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Let's Take a Trip Inside Budget Power Bars, Part Three

Tripp-Lite's Y-Wings

The TLP604 is the only other bar in this round-up to use security screws of some sort (in this case, the tri-wing or Y1 type). We're presented with yet another occasion to justify tool hoarding.

Trip Inside The Tripp-Lite

TrippLite's layout is similar to CyberPower's, with the PCB soldered directly on the breaker's terminal. And since this one has a switch illuminator, it has the third (neutral) terminal to power it. For some odd reason, Tripp-Lite decided to bring the live wire half-way down the outlet strip instead of connecting near the tip.

Tripp-Lite's PCB

If you like nice and shiny solder jobs on clean PCBs, you might want to avert your eyes. There is a generous quantity of solder flux all over the board, and most leads have blobtastic solder jobs. Fortunately, soldering does not need to look pretty to get the job done.

I am not going to solder-wick this one.

Trippy Spying

From what I can glean from the sides, the live-neutral protection has two GNR 14D471K MOVs and a third blue MOV further back that I can't identify. The main shut-off fuse is sandwiched between the orange and blue MOVs, so I would hazard a guess that the blue MOV has a lower clamping voltage. I could not read the live-ground and neutral-ground MOVs' models, but they also have one each (as expected).


Safety codes generally tell people not to use extensions and appliances with damaged power cords. Here, the bar's cable got pinched clean through right at the housing's outer edge when it was assembled. You can see the wires' paper wrap through the hole.

Barely Visible

With the enclosure nearly closed, the nicked cable area is barely visible.

This is one of those cases when trying to file a warranty claim technically proves that you voided your warranty. When I mailed Tripp-Lite about the issue, I was told the company's engineering department would look into it.

Skewy Trippy

Here is more proof that no manufacturer is immune to slip-ups: the tip of that ground strip has a few extra bends to it. While that may not affect performance, it does complicate keeping the strip in place for (re-)assembly.

The TLP604's power strips are 5.2mm wide by 0.5mm thick, while the ground strip is 3.7mm wide by 0.4mm thick, placing both at the chunkier end of the scale.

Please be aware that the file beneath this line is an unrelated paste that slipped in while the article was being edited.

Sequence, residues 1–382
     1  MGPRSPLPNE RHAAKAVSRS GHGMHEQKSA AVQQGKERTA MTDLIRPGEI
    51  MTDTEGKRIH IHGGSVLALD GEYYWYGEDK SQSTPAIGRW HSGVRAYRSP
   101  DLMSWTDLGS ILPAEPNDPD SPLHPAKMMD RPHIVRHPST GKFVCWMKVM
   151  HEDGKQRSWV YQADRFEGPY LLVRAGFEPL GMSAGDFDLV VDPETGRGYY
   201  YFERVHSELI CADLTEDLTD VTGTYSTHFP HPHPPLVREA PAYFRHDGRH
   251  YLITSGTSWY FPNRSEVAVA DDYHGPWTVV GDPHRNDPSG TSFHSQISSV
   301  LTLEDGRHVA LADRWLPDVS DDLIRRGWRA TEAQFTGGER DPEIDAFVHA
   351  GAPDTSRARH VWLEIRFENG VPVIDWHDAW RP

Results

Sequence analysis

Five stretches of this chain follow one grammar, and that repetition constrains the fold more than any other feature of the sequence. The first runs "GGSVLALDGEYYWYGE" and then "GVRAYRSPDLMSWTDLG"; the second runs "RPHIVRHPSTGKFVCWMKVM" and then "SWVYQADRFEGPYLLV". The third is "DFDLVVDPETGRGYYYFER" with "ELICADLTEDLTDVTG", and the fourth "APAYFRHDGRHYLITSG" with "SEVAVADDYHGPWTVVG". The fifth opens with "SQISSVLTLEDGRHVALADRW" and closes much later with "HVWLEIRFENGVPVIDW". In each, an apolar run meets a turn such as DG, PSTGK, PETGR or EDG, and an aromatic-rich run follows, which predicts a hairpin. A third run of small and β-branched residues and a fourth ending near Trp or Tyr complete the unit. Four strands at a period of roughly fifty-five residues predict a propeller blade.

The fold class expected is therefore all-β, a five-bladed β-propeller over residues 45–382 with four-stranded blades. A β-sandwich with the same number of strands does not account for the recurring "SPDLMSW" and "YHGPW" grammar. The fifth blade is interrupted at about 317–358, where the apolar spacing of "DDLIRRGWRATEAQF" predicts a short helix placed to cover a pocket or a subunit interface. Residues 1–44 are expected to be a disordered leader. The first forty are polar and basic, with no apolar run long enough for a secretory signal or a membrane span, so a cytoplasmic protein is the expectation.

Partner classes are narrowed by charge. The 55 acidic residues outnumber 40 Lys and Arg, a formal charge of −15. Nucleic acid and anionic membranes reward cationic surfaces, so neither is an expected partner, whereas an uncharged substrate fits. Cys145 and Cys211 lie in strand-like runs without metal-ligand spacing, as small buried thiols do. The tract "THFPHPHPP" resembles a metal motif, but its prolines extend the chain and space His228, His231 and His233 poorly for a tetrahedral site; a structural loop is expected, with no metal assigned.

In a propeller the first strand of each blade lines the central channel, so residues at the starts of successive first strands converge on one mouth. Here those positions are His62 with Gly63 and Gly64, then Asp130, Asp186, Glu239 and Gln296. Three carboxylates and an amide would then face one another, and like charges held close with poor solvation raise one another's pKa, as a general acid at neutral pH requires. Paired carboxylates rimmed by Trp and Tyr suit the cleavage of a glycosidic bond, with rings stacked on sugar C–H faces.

On Second Thought...

As I was re-arranging the rest of this article to form a third part, I had a change of heart about desoldering Tripp-Lite's entry. The tabs looked straight, after all.

Indeed, the task turned out much easier than getting into CyberPower's unit since the tab holes were far enough below the PCB to not draw solder in. Liberal use of solder flux also helped.

Tripp-Lite's Components

Here are those components I almost didn't dig out. The live-neutral protection comprises two 14D471K MOVs (orange) and one 14D201K (blue), while the neutral-ground has a lone 14D201K and the live-ground has a single 14D471K. The PCB clearly contains a footprint for a 47-100nF X-rated capacitor. Tripp-Lite decided to go with a tiny 1nF Mylar capacitor instead, so no EMI filtering happens.

Hanging By A Thread

Do you see that jumper wire above the 'N'? This is the wire that connects the MOVs to the power cord's neutral line. Above and further to the left is the “Protection Working” LED's anode wire. Does anyone else find it ironic that a LED wire, which carries less than 0.02A, is twice as thick as a jumper wire that may need to bear 3000A during a surge?

Obviously, this piece of wire (and an identical one on the ground side) is intended to serve as a fuse. Tripp-Lite must have calculated them to be sufficient for the surges this bar is intended to cope with. The company could have gone even cheaper by simply using a narrow PCB trace and extra separation between copper islands.

Daniel Sauvageau is a Contributing Writer for Tom's Hardware US. He’s known for his feature tear-downs of components and peripherals.